Researchers have found a way of tricking autonomous vehicles into misinterpreting road signs, with techniques that could have ‘severe consequences’ but need little more than a colour printer to implement.
Small changes designed to look like graffiti or abstract art were used to trick autonomous vehicles, researchers from the University of Washington said in a newly published paper.
The researchers tested out both poster-printing, where an actual-sized road sign is printed and overlaid on an existing sign, and adding stickers to existing signs. These created both subtle ‘attacks’ using ‘peturbations’ (changes) that occupy the entire region of the sign and camouflaged perturbations that take the form of graffiti and abstract art.
They said: ‘These attacks do not require special resources – only access to a colour printer.’
Using stickers to modify a Stop sign, the researchers said they had ‘achieved a 66.67% misclassification rate into our target class’ for the graffiti sticker attack and a 100% targeted misclassification rate for the abstract art sticker attack.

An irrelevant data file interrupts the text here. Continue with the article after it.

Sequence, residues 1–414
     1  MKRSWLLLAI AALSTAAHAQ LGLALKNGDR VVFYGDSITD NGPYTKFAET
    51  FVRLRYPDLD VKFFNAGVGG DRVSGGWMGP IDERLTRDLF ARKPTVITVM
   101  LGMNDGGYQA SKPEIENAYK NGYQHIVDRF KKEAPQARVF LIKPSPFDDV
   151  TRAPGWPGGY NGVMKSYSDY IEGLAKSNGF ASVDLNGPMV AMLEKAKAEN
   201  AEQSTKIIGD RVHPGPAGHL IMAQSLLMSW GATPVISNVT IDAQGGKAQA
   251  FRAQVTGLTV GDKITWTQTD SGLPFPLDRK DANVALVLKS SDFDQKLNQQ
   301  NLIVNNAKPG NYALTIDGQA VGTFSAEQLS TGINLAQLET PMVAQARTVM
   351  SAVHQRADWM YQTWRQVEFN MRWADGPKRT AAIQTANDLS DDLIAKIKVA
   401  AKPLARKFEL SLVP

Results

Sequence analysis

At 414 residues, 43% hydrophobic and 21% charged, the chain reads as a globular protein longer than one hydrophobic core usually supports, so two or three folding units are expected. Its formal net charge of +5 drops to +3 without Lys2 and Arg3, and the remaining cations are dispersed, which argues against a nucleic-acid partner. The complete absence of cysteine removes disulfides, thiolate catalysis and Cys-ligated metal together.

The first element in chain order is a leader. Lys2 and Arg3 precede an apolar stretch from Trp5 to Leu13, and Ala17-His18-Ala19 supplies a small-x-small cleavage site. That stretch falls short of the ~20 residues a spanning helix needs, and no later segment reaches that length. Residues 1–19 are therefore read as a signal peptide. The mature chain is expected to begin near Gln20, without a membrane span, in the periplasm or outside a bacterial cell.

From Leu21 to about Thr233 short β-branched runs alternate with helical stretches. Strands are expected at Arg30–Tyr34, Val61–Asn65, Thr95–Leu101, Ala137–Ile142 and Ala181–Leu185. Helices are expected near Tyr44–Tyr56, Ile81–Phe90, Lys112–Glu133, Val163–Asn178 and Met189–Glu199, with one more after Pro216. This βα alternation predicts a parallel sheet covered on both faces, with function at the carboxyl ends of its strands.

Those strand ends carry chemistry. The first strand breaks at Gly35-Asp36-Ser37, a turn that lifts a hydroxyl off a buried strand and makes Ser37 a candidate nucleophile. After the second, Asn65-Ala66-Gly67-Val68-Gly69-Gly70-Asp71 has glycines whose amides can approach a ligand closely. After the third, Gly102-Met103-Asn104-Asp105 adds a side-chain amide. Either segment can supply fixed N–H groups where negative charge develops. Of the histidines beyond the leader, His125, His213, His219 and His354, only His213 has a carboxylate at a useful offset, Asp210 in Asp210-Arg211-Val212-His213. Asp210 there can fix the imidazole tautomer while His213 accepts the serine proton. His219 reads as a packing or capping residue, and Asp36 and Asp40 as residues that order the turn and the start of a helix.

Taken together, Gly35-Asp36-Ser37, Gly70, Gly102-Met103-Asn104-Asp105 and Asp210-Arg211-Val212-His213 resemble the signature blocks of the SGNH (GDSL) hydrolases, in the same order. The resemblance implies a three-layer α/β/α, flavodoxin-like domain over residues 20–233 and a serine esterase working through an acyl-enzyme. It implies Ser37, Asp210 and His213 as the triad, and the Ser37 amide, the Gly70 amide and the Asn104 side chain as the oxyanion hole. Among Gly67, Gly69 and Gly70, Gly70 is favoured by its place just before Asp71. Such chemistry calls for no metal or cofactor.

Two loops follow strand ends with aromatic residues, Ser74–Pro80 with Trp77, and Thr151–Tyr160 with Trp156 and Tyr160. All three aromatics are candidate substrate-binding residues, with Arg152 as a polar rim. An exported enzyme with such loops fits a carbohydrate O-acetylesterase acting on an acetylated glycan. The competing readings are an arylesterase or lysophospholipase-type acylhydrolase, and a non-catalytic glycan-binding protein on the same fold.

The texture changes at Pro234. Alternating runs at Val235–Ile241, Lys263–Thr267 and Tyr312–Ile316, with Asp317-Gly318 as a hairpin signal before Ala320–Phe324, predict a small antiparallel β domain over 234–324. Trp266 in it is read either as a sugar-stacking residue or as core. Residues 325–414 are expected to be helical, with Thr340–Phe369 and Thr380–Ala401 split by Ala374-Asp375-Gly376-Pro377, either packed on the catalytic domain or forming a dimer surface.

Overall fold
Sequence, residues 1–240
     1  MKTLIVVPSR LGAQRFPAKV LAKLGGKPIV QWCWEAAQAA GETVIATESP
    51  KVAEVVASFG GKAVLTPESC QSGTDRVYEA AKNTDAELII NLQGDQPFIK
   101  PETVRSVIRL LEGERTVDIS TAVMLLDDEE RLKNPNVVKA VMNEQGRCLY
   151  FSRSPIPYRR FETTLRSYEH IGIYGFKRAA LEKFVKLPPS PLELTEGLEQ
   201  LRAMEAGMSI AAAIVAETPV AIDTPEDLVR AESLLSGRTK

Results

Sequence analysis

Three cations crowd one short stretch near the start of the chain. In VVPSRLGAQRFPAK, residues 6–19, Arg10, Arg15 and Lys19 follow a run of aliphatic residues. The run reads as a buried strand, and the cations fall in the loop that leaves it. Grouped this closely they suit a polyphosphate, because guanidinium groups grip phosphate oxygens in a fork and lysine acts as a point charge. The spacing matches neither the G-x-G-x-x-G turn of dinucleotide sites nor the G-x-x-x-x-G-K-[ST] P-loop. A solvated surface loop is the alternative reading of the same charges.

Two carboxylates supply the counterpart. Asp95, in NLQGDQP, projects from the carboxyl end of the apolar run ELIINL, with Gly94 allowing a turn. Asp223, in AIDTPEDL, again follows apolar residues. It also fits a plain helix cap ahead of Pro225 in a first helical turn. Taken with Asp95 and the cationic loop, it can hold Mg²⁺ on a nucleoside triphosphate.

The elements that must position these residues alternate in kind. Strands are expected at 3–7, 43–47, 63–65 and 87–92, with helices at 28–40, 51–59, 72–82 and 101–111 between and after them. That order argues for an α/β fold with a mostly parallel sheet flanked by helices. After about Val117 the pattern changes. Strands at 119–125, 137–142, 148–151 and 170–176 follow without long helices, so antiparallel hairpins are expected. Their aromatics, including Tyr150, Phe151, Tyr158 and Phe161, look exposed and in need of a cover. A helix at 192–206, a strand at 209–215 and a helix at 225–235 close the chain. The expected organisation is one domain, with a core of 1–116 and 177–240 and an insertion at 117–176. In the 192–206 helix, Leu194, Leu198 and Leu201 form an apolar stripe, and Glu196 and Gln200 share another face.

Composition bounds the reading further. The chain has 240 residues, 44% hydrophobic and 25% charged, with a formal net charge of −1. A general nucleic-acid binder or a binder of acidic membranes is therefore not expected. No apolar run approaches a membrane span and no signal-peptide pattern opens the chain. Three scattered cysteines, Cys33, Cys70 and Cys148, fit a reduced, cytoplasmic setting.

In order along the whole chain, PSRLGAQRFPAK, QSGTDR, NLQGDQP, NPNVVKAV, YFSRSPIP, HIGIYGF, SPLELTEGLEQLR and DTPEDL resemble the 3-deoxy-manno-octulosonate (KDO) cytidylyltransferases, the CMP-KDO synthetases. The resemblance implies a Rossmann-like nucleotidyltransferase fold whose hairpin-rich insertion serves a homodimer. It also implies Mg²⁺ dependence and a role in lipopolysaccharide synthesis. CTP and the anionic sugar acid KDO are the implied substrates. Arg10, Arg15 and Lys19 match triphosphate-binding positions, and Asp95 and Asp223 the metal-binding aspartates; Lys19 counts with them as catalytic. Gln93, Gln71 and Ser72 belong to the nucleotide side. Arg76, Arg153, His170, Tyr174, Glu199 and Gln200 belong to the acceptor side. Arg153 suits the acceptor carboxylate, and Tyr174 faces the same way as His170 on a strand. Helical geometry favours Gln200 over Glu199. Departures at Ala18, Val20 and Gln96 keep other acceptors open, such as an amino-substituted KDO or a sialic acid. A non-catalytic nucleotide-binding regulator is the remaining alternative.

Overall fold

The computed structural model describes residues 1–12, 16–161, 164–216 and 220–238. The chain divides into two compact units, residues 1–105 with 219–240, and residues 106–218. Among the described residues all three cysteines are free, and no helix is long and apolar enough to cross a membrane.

The peturbations caused a Stop sign to be misclassified as a speed limit sign and a right turn sign to be misclassified as either a stop or added lane sign.
In one experiment they entirely covered a Stop sign, resulting in changes that they said were ‘imperceptible to the casual observer’.
The paper says: ‘In contrast to some findings in prior work, this attack is very effective in the physical world. The Stop sign is misclassified into our target class of Speed Limit 45 in 100% of the images taken according to our evaluation methodology.’
The researchers explained that they had created the changes using a new attack algorithm- that they call Robust Physical Perturbations (RP2).
They said: ‘Our algorithm can create spatially-constrained perturbations that mimic vandalism or art to reduce the likelihood of detection by a casual observer.
‘We focus on road sign classification due to their critical function in road safety and security. If an attacker can physically and robustly manipulate road signs in a way that, for example, causes a Stop sign to be interpreted as a Speed Limit sign by an ML-based [machine learning] vision system, then that can lead to severe consequences.’